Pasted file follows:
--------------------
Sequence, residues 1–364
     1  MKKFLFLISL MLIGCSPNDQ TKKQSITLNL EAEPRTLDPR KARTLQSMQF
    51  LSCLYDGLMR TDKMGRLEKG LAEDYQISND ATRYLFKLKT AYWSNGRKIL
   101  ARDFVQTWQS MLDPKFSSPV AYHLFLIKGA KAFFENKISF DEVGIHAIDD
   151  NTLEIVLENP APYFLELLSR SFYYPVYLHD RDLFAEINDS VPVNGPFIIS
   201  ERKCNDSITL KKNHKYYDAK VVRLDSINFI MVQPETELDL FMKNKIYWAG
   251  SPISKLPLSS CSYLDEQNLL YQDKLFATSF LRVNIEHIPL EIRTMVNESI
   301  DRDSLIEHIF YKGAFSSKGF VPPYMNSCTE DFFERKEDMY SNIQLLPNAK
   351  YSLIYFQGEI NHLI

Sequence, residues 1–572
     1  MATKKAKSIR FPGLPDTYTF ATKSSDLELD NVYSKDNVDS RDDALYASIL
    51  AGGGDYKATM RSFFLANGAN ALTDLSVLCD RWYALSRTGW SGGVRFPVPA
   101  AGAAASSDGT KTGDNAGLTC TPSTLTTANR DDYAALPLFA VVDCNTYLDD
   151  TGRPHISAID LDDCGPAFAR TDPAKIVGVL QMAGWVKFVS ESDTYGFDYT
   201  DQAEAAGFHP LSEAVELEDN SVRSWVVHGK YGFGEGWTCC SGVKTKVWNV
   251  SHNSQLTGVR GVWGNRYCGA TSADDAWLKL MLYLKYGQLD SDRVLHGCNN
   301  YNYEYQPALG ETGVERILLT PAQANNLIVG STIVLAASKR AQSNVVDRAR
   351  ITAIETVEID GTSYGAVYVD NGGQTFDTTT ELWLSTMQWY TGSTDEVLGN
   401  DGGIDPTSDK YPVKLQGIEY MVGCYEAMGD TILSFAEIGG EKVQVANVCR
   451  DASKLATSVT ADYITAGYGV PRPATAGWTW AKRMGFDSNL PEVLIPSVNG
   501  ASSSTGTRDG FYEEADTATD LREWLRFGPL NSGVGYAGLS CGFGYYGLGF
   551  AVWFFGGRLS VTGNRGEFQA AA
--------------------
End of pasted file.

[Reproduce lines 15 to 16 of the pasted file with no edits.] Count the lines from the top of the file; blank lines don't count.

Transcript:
   201  DQAEAAGFHP LSEAVELEDN SVRSWVVHGK YGFGEGWTCC SGVKTKVWNV
   251  SHNSQLTGVR GVWGNRYCGA TSADDAWLKL MLYLKYGQLD SDRVLHGCNN